Nikon F5 metering with slides / slide questions
I currently only shoot negatives. I am planning on purchasing a nikon f5 in the near future and also would like to start shooting slides.
From what I understand, proper exposure is very important with slides. The F5 is the only film camera with a color matrix meter. Assuming that the scene being photographed doesn't have a huge latitude between the shadows and highlights will the f5's meter be accurate enough to give a good exposure? I also plan on using slides in the snow. I know the color meter works very well with negatives in snow, can the same be said with slides?
Instead of making another thread I figured i'd ask these other questions here:
Any idea what a mint n80 is worth? I was thinking like $100.
I plan on buying a box of E100VS as a general purpose saturated film. I heard it works well in the snow, does ok portraits (provia 400x will be a dedicated portrait film), and has a pretty large latitude. any comments on that? I want something that will give me the saturated benefits of slides, low grain, good latitude, and wont make people look bad.
What do you mean the F5 is the "only camera" with a (colour) matrix meter? Where did you get that idea from?
Any of the big marques with matrix / evaluative / multi-pattern meters will delivery stirling results in skilled hands. So too, will a camera with centre-weighted metering or spot. The best results come from experience and a knowledge of the film you are using. Transparencies have a narrow latitude, or to put it another way, 0.6 stop over or under will be very noticeable, while in negative film you won't see any change because the latitude is quite large, around 3-4, sometimes 5 stops for many films. Under-exposed transparency film is not salvageable; over-exposed is not much better, but it is incombent for you to build up a knowledge of the baseline exposures that deliver the results you want. The mood of the scene must be carried through to the transparency and this sometimes isn't best when left solely to the camera's judgement. Don't allow the camera to dictate every exposure you poke it at.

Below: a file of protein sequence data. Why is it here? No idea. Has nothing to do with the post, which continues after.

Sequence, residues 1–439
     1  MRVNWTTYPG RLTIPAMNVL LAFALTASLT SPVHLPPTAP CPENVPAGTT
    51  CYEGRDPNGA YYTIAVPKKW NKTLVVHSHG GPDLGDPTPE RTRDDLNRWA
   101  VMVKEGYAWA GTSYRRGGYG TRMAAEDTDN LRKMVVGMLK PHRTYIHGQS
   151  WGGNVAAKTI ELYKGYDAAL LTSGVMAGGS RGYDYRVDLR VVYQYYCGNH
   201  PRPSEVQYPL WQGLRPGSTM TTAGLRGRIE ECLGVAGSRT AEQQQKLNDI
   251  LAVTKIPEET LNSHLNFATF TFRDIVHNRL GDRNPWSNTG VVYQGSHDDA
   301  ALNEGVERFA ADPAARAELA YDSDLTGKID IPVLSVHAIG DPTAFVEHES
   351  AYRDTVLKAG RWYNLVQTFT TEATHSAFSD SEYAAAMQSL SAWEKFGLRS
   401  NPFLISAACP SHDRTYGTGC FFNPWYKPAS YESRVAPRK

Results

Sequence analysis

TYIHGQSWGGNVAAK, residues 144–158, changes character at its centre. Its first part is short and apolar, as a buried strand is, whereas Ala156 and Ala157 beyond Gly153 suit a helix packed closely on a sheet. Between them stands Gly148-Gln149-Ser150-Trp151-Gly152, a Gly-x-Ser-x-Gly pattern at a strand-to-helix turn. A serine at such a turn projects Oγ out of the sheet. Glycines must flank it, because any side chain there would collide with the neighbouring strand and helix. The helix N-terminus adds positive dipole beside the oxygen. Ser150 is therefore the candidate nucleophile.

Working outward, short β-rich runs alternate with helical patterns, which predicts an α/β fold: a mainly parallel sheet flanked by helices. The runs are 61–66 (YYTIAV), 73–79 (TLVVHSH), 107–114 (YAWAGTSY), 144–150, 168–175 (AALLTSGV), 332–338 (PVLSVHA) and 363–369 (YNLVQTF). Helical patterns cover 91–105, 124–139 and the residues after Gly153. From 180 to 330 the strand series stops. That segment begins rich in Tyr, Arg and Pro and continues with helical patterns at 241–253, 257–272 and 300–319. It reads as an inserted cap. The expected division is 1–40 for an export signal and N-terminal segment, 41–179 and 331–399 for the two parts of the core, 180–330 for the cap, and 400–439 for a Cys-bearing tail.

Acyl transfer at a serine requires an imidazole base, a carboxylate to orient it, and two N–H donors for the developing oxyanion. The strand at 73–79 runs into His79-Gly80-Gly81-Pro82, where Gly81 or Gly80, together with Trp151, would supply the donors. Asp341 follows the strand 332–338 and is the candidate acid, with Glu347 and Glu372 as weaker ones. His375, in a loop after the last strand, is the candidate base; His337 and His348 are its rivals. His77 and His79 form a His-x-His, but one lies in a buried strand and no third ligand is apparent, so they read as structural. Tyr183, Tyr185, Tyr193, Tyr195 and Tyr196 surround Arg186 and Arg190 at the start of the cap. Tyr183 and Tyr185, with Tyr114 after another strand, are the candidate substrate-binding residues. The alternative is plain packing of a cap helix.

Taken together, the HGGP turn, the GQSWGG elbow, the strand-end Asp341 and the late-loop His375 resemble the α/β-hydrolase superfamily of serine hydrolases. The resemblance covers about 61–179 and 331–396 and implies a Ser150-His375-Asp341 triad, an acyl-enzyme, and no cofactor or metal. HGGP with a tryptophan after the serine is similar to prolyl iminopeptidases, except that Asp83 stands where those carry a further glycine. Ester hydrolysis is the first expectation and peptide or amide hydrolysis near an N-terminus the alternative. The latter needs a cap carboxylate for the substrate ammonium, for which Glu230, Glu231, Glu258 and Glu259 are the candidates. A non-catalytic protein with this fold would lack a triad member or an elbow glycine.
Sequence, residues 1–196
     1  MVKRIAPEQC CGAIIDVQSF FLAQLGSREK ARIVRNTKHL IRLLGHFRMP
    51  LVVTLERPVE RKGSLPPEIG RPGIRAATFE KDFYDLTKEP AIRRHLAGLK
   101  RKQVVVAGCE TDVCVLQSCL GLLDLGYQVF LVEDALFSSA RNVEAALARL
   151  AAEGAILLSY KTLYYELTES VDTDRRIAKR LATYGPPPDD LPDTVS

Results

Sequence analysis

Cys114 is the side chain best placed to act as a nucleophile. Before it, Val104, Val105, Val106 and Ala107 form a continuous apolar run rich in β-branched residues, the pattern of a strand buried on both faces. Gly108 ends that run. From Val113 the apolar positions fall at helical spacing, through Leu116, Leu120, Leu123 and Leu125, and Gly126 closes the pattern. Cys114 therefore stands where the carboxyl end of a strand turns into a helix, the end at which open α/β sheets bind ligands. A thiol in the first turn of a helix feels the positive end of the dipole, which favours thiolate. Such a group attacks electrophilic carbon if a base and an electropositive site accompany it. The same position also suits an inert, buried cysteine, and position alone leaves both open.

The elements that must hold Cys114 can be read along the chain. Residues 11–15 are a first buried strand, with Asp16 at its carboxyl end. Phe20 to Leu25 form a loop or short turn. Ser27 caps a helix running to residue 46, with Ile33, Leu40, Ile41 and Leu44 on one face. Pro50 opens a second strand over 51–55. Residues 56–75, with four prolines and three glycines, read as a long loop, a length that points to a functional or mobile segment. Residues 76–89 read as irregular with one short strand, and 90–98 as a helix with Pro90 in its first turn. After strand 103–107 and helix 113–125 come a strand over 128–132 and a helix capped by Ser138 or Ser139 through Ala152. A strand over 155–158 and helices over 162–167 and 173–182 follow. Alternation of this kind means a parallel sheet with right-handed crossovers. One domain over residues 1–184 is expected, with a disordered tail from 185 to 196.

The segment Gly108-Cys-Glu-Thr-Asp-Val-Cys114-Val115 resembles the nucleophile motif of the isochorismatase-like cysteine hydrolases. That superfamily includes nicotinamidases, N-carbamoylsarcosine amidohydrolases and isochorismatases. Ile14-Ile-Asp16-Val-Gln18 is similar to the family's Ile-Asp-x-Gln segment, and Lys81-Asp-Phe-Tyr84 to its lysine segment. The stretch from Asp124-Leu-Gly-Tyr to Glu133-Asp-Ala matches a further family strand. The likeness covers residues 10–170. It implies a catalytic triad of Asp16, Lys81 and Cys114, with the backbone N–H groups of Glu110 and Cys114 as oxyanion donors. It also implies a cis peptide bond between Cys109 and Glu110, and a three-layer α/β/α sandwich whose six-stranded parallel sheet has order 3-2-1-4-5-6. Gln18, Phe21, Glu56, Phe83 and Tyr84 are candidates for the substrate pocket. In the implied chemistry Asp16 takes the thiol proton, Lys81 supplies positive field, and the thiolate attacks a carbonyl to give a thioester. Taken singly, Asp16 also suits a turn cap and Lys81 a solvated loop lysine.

Snow scenes require judgement — snow scenes have wide open vistas, or narrow scenes with trees, bright sun and areas of shadow. Open scenes with no shadow usually pose no problems for multi-pattern meters, but you do need to ascertain how the meter responds by running tests. Contrasty light can cause a 'swing' of the exposure e.g. the meter practically becomes confused by extremes of contrast and may hedge toward underexposure. Rather than name the cameras that can do this, I instead speak from experience using several over many years. You might consider using spot metering to assess the exposure difference in difficult scenes. Keep notes of the process; notes are invaluable as learning tools over time.
.::Gary Rowan Higgins
One beautiful image is worth
a thousand hours of therapy.
"It is horrifying that we have to fight our own government
to save the environment."
The Nikon F5 isn't the only film camera with color matrix. The other is the F6 which has a newer and the same 1005 pixel matrix sensor. Many other film cameras have matrix or evaluative metering but not 1005 pixel sensor.
Actually I have found that the F5 matrix meter worked better for slides than negative films. With negative film it tends to try to save the high light which causes underexposure as negative film can take quite a bit of over exposure. But with any metering system the user is very important.
Modern meters deliver very good results and you have the right idea about evaluating a scene for a wide brightness range.